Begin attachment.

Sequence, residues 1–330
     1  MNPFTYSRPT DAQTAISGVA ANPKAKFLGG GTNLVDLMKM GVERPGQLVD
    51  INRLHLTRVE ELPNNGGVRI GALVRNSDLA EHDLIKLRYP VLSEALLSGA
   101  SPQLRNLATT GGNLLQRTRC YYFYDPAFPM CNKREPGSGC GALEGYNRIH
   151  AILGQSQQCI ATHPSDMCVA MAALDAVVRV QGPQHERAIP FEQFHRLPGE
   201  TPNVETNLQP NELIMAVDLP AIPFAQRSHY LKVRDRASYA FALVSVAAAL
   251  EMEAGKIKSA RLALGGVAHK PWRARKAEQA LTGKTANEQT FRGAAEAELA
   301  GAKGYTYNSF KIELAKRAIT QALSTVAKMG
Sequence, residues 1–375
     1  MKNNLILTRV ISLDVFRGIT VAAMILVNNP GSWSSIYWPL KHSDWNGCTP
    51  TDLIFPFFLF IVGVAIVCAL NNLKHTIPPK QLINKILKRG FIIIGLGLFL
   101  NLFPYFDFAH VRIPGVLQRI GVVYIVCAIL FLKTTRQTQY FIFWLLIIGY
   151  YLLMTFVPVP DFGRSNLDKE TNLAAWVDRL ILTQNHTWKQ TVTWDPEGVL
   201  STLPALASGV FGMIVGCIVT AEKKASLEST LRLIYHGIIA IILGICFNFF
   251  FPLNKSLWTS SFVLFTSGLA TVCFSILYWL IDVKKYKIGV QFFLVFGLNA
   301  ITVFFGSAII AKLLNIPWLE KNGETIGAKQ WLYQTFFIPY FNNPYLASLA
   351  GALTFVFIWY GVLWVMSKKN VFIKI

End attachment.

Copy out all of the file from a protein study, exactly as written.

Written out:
Sequence, residues 1–330
     1  MNPFTYSRPT DAQTAISGVA ANPKAKFLGG GTNLVDLMKM GVERPGQLVD
    51  INRLHLTRVE ELPNNGGVRI GALVRNSDLA EHDLIKLRYP VLSEALLSGA
   101  SPQLRNLATT GGNLLQRTRC YYFYDPAFPM CNKREPGSGC GALEGYNRIH
   151  AILGQSQQCI ATHPSDMCVA MAALDAVVRV QGPQHERAIP FEQFHRLPGE
   201  TPNVETNLQP NELIMAVDLP AIPFAQRSHY LKVRDRASYA FALVSVAAAL
   251  EMEAGKIKSA RLALGGVAHK PWRARKAEQA LTGKTANEQT FRGAAEAELA
   301  GAKGYTYNSF KIELAKRAIT QALSTVAKMG
Sequence, residues 1–375
     1  MKNNLILTRV ISLDVFRGIT VAAMILVNNP GSWSSIYWPL KHSDWNGCTP
    51  TDLIFPFFLF IVGVAIVCAL NNLKHTIPPK QLINKILKRG FIIIGLGLFL
   101  NLFPYFDFAH VRIPGVLQRI GVVYIVCAIL FLKTTRQTQY FIFWLLIIGY
   151  YLLMTFVPVP DFGRSNLDKE TNLAAWVDRL ILTQNHTWKQ TVTWDPEGVL
   201  STLPALASGV FGMIVGCIVT AEKKASLEST LRLIYHGIIA IILGICFNFF
   251  FPLNKSLWTS SFVLFTSGLA TVCFSILYWL IDVKKYKIGV QFFLVFGLNA
   301  ITVFFGSAII AKLLNIPWLE KNGETIGAKQ WLYQTFFIPY FNNPYLASLA
   351  GALTFVFIWY GVLWVMSKKN VFIKI